Cultivated blueberries

The cultivated blueberries or blueberry Vaccinium corymbosum (highbush blueberry) also comes from a variety of wild blueberry, blueberry savannah as they say here. In the years 1930-1940, U.S. researchers (Elizabeth White, Frederick Coville, Darrow George) have selected the most vigorous plants, and hybridization have been developing varieties that produce fruit larger, sweeter, stronger, since Research continues to find varieties that are better adapted to our climate. The term highbush Greek korumbos (bunch), refers to the position taken by giving flowers and clusters of fruit which, unlike the grapes do not ripen any one time. The highbush blueberry is now cultivated throughout the world (Australia, New Zealand, Chile, China) and the United States alone, especially in the states of New Jersey and Michigan are responsible for 55% of world production . Thus we can find, even in winter, fresh blueberries on grocery shelves, but to withstand transport these fruits were harvested before reaching full maturity so often that they taste rather bland.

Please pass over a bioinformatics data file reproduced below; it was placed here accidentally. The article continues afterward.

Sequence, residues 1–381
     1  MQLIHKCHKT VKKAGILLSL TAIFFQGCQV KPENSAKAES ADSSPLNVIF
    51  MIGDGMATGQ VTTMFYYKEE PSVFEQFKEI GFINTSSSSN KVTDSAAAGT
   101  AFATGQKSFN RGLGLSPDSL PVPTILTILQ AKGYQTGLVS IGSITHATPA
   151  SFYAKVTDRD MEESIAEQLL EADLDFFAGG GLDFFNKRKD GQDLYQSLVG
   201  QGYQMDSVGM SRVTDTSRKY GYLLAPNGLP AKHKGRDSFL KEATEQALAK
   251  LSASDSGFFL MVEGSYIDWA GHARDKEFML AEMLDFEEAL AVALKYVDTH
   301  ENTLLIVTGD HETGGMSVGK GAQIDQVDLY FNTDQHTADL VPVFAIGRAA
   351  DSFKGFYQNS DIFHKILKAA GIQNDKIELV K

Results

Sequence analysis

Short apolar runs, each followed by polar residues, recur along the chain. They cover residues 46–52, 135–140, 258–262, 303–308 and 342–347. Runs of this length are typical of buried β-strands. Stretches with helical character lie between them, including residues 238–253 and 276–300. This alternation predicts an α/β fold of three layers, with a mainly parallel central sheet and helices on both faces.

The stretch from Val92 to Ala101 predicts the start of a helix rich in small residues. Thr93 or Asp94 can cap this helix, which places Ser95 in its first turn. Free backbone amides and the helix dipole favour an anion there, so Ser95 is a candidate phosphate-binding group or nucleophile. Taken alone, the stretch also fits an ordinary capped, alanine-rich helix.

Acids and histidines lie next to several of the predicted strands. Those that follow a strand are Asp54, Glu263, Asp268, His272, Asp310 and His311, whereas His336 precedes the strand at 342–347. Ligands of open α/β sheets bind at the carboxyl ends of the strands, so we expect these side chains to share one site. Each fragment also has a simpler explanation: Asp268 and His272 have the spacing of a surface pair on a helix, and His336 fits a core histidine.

In Canada, British Columbia is the largest producer of highbush blueberry, is grown on 5, 000 hectares. In Quebec, though some producers in the south-west of the province have been growing at least 40 years, it is only recently that this culture has taken off. Currently there are 300 companies engaged in the production of highbush blueberries on an area of 400 hectares. The highbush blueberry requires special care: the soil must be acidic, composed of organic matter and kept moist. The plant acquires its mature after seven years of growth and could live beyond thirty years, the blueberries may reach one to two meters tall and the fruits are picked from mid-July to the end of August. Here in Quebec, the extreme cold of winter (-30 ° C) is the major enemy of highbush blueberry, buds formed in the fall are “burning” to such temperatures.